I’ve never been very into the giant mecha thing and my enjoyment of the genre is mostly limited to the deconstructivist, apocalyptic, existential angsting (no, really) that is Neon Genesis Evangelion. However, if you want your giant robots with less clinical depression, Judeo-Christian symbology or Freudian themes, then doublesix’s Strike Suit Zero might be more to your taste. Actually, you can probably still keep the big Freudian weapons.
Instead of crippling self-doubt, the protagonist of Strike Suit Zero comes equipped with a massive transforming space ship that fires lasers and missiles, both of which are much better tools for permanently addressing a multitude of life’s challenges. In the extremely glossy preview that doublesix’s Creative Director Jim Mummery took me through, this transmogrifying technobeast took on vessels that made Battlestar Galactica look like Sputnik.
Mecha fans may find themselves suitably lubricated to learn that the ship design comes courtesy of Junji Okubo, who has contributed giant robots to Steel Battalion, as well as the animes Appleseed: Ex Machina and Viper’s Creed. According to Jim, this means Strike Suit Zero has “Very functional mecha. The hinges are all in the right place. It’s not like a Michael Bay Transformer, where three tonnes of metal comes out of nowhere. It does actually functionally work.” I’ll take his word for it.
A massive transforming space ship is exactly what you’d need if you only had three hours to save the earth (after all, Flash Gordon would be useless), and the pilot of this craft will fight their way through those three hours of actual gameplay. However, a single journey through Strike Suit Zero will take players down just one of many potential branches that are part of a wider plot shrub. Depending on whether they succeed or fail at any of the game’s various missions, new and different opportunities present themselves. Should the basic Strike Suit prove unsatisfactory, there are snappier, deadlier models to unlock.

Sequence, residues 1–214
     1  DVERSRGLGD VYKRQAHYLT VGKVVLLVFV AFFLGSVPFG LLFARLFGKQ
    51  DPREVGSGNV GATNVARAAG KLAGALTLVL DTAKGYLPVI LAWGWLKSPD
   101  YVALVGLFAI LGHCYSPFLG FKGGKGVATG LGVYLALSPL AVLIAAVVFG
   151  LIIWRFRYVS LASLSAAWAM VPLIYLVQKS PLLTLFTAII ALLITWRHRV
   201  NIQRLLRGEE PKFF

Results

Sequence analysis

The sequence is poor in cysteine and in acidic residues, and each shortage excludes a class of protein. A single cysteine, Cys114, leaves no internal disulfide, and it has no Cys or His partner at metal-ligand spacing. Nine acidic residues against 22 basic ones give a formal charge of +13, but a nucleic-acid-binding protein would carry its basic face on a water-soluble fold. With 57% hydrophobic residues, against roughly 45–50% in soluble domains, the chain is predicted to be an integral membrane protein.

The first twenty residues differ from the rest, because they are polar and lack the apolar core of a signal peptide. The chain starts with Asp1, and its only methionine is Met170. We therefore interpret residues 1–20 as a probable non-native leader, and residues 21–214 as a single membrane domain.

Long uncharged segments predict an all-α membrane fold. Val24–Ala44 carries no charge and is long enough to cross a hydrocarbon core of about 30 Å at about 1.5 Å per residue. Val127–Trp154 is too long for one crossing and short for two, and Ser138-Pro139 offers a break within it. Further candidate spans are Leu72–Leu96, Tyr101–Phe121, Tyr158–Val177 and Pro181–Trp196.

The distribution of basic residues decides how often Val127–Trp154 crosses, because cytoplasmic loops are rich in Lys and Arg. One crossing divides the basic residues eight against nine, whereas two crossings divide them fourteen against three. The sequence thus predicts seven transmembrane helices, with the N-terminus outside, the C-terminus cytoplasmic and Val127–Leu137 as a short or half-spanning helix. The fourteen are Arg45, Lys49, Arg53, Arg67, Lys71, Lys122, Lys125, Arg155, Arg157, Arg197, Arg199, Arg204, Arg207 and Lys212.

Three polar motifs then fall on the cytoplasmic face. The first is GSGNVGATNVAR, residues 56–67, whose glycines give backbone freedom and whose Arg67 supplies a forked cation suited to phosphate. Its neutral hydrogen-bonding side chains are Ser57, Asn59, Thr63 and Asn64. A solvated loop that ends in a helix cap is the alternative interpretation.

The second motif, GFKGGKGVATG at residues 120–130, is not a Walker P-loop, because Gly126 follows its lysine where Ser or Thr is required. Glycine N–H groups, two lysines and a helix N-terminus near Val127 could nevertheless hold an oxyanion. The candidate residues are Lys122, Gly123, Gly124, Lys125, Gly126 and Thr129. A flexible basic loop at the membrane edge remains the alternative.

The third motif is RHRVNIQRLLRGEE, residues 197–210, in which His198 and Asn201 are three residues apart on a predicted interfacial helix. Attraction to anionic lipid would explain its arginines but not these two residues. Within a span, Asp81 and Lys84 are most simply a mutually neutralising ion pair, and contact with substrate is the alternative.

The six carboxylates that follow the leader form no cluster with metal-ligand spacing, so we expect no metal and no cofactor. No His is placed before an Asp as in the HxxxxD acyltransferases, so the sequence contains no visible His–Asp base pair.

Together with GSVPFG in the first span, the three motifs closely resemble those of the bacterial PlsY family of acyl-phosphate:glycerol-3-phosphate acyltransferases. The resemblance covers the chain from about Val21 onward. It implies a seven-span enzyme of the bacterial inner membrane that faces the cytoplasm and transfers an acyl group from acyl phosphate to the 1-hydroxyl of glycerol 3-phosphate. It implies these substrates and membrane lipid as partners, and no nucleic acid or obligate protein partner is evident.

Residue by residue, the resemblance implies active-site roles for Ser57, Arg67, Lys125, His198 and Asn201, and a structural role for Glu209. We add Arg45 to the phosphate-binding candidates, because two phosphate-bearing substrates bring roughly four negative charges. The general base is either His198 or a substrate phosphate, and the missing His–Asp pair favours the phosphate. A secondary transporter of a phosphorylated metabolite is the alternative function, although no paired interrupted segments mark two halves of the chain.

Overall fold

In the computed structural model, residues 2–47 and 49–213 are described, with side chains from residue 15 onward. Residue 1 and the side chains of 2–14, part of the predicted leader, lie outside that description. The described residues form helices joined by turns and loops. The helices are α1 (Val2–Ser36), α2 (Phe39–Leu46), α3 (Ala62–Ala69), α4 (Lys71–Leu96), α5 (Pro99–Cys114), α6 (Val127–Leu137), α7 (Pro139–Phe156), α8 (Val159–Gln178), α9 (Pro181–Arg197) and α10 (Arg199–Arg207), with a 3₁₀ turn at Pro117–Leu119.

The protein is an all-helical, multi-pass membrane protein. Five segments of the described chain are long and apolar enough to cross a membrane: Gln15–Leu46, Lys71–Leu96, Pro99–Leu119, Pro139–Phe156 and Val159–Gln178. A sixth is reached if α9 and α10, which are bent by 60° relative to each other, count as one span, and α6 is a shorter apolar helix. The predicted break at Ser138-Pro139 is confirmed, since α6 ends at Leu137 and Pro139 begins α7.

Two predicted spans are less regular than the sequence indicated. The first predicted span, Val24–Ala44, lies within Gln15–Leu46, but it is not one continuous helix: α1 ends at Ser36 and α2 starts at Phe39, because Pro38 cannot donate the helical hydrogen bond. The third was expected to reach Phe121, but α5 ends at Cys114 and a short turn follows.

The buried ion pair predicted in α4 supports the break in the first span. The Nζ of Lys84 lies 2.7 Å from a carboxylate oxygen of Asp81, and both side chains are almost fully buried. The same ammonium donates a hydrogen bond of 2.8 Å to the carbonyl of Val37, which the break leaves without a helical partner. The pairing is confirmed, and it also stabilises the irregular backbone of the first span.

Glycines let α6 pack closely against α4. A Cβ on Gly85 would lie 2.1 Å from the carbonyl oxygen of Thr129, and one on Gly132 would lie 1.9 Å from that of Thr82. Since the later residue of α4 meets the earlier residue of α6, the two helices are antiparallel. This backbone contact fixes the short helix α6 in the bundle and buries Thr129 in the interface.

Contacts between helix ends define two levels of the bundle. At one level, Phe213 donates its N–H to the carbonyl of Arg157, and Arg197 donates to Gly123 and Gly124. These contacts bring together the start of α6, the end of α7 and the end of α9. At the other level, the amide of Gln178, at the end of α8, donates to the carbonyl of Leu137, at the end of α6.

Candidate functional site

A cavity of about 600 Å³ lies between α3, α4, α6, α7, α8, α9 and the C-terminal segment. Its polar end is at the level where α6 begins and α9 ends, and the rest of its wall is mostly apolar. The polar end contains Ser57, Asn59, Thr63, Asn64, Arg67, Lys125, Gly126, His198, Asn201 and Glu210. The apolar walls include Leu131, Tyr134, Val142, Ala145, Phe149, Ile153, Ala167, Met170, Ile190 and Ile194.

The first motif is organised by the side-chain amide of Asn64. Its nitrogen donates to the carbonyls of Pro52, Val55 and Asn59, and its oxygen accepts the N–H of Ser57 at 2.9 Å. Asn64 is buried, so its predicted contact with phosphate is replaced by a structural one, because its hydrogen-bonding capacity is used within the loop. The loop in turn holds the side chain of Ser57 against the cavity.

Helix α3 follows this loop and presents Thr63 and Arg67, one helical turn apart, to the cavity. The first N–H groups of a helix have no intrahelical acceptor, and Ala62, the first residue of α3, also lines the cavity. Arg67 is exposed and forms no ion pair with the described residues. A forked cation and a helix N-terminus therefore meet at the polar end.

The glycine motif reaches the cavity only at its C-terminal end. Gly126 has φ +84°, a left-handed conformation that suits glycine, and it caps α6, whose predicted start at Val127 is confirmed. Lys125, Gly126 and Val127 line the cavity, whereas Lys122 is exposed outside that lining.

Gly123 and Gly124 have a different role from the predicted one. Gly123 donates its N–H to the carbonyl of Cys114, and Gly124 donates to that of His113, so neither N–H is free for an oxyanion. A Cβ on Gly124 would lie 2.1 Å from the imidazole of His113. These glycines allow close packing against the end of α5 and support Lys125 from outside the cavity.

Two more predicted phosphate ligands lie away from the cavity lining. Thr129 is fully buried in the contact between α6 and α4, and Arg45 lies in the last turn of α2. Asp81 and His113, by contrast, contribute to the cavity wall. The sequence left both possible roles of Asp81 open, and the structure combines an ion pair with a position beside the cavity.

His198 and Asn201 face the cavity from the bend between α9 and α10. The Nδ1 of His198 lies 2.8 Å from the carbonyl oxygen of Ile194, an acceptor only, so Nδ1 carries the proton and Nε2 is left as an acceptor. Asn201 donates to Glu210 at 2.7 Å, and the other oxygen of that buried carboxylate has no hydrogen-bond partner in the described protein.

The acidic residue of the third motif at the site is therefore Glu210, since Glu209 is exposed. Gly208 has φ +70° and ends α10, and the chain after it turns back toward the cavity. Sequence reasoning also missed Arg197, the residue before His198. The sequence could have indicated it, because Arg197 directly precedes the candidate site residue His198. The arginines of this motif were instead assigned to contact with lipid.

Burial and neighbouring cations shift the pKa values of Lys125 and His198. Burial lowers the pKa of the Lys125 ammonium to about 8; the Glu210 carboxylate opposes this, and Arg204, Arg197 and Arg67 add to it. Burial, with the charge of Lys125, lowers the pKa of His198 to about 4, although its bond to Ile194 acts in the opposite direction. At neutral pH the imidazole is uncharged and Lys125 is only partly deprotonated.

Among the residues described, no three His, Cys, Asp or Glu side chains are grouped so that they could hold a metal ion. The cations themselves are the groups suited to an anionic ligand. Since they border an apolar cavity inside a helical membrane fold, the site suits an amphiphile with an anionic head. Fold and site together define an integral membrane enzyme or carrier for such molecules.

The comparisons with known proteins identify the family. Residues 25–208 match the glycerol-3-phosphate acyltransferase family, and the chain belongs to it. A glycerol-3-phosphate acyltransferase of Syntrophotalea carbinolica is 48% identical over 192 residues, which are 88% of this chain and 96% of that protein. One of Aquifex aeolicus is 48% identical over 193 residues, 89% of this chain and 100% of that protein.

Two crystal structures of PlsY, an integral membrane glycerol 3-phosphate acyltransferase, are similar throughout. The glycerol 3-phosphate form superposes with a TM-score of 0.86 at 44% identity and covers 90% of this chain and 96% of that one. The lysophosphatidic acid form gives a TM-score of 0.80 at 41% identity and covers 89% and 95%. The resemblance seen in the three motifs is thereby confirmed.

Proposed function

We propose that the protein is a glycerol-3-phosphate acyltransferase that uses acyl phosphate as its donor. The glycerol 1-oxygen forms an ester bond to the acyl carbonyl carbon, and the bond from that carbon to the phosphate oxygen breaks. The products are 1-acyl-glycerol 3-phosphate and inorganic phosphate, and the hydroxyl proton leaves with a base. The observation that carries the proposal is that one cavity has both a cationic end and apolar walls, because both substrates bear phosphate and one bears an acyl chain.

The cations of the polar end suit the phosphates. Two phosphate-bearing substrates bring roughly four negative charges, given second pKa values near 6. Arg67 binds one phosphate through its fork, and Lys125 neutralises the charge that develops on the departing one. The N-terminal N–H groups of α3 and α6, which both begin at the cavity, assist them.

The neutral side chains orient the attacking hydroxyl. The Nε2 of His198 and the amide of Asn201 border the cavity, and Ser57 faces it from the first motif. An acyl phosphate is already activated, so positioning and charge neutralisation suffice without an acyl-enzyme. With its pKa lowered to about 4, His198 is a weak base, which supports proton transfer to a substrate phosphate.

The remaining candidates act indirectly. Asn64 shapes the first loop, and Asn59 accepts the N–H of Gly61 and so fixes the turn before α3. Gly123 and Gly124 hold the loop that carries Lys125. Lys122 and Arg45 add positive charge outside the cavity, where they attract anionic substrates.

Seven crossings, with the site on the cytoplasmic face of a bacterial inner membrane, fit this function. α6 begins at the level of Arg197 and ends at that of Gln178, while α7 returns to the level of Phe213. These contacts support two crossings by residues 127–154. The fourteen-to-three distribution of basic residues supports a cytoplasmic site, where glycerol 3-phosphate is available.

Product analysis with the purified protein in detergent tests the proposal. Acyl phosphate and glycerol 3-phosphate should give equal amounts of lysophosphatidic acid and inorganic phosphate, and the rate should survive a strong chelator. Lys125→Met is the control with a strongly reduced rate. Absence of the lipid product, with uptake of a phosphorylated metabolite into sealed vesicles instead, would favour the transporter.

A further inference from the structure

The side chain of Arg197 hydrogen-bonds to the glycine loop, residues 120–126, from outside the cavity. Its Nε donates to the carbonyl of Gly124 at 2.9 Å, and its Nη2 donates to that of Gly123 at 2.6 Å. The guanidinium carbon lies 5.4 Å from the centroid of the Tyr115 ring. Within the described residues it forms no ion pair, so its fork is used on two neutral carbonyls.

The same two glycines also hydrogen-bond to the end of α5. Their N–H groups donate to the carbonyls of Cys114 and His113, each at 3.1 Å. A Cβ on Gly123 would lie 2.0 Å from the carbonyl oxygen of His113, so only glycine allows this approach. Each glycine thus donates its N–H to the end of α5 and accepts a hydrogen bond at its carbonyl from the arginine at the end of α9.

The build I saw only had a handful of ships and fighters to show off, but it was already a pretty affair. There was a clear Homeworld and X-Wing influence on display, with languid, bloated capital ships boasting all sorts of bristling components that could be shot off as you zig-zagged between them. Meanwhile, searing beam weapons leapt from vessel to vessel, tearing through the cold vacuum of a very empty space that Jim assured me would soon be populated by even more enormous ships, structures and space stations. He describes combat as a combination of first-person ducking and weaving with traditional dogfighting, as your ship transforms from fighter to robot and back again.
It remains to be seen quite how complex and exciting the combat gets, but there’s talk of being forced to make plot-critical decisions in the heat of battle, of wrestling with enemy aces and of ridiculous, suicidal odds. In fact, depending on which plot thread you follow, you may still get to enjoy some mecha-angst when you find you didn’t quite save the planet, but instead doomed it to a slow death.
Strike Suit Zero is slated for a summer 2012 release.